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Monday, February 20, 2017

Death Row: A Vortex of Sorrow and Hate

Demon Seated, by Mikhail Vrubel (1890)
Many believe that there are high energy centers scattered throughout the world. Just visiting Sedona, for example, or sacred sites like Fatima or Medjugorje, can rejuvenate one's spirit and even bring physical healing. Conversely, some say that there are vile vortexes out there; consider the Bermuda Triangle, or the 1927 Dutch Colonial home located at 108 Ocean Ave, in Amityville, NY.

When I visited Steven Hayes on Connecticut's Death Row in May of 2015, I sensed that, from an energy point of view, he lived in the vilest of places. He murdered a mother and her two children- that could never be undone, and so he paced his cell morning and night, consumed by self-loathing and remorse. He sought escape by watching television, but everything he saw reminded him of his victims- even the commercials. Nonetheless, he kept the television playing just to hear the background noise- to keep himself from going insane.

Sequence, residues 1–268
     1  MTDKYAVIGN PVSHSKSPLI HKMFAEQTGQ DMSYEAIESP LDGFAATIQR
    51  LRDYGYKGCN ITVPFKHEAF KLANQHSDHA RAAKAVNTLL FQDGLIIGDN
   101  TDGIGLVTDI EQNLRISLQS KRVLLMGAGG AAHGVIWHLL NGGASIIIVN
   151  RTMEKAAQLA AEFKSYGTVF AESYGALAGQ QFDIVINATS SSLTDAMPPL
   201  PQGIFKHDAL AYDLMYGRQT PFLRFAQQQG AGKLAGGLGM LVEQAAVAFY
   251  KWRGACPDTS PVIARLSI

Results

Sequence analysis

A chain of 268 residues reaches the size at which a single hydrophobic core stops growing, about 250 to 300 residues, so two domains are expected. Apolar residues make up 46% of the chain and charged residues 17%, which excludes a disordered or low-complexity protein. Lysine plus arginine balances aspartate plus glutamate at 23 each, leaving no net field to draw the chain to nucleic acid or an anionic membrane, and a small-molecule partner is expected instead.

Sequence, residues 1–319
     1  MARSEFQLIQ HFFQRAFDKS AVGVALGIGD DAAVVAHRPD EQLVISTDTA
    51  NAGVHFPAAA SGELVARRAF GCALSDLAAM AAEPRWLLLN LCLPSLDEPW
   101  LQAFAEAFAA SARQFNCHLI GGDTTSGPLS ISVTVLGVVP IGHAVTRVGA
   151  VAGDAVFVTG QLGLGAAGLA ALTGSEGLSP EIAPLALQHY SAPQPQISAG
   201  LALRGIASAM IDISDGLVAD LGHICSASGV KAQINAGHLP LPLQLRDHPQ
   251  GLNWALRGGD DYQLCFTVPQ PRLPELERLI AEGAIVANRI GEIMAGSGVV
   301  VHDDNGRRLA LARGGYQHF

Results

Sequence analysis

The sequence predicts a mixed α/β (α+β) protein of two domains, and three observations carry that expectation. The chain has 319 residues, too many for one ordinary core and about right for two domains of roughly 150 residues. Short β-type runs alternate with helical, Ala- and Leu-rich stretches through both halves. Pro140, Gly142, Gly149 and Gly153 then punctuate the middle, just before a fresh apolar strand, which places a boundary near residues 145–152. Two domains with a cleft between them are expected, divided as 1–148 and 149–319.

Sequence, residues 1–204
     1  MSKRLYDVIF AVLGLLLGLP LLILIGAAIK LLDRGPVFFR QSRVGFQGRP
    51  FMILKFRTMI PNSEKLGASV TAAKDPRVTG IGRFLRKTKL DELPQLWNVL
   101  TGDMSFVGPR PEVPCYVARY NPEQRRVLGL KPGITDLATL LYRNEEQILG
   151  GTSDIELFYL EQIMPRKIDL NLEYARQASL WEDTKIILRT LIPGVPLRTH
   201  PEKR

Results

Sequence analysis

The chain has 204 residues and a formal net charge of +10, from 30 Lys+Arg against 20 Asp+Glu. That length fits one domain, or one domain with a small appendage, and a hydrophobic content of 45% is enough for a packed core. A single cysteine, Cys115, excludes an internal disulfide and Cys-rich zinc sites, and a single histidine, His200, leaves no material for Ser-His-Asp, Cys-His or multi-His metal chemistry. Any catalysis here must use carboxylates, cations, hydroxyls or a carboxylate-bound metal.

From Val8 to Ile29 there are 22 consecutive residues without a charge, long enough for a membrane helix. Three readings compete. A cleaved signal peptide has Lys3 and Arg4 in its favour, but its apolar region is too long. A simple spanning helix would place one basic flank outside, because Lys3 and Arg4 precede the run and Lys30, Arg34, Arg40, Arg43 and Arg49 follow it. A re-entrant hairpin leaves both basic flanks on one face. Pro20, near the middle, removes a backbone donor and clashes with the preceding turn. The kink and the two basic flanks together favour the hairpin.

Sartre wrote that "hell is other people" and this was certainly true of Hayes' day-to-day life on death row. He felt that everyone was after him. The DOC guards seemed to take pleasure in seeing him suffer; their hatred was evidenced in what he perceived to be small acts of cruelty meant to demean him at every turn. He was just a number, not a name. He could not eat food in accordance with his religion. In that vortex of despair, he longed for lethal injection.  

'But you invaded a man's home and savagely took the lives of his wife and two daughters,' I thought, 'What did you expect?'

While on death row, Hayes would see Joshua Komisarjevsky in the recreation room but the two kept a distance. Each man blamed the other for bringing about the horrific events that transpired at the Petit home years earlier. How could either of them set eyes on the other without feeling embarrassment and shame? It was like looking in a mirror.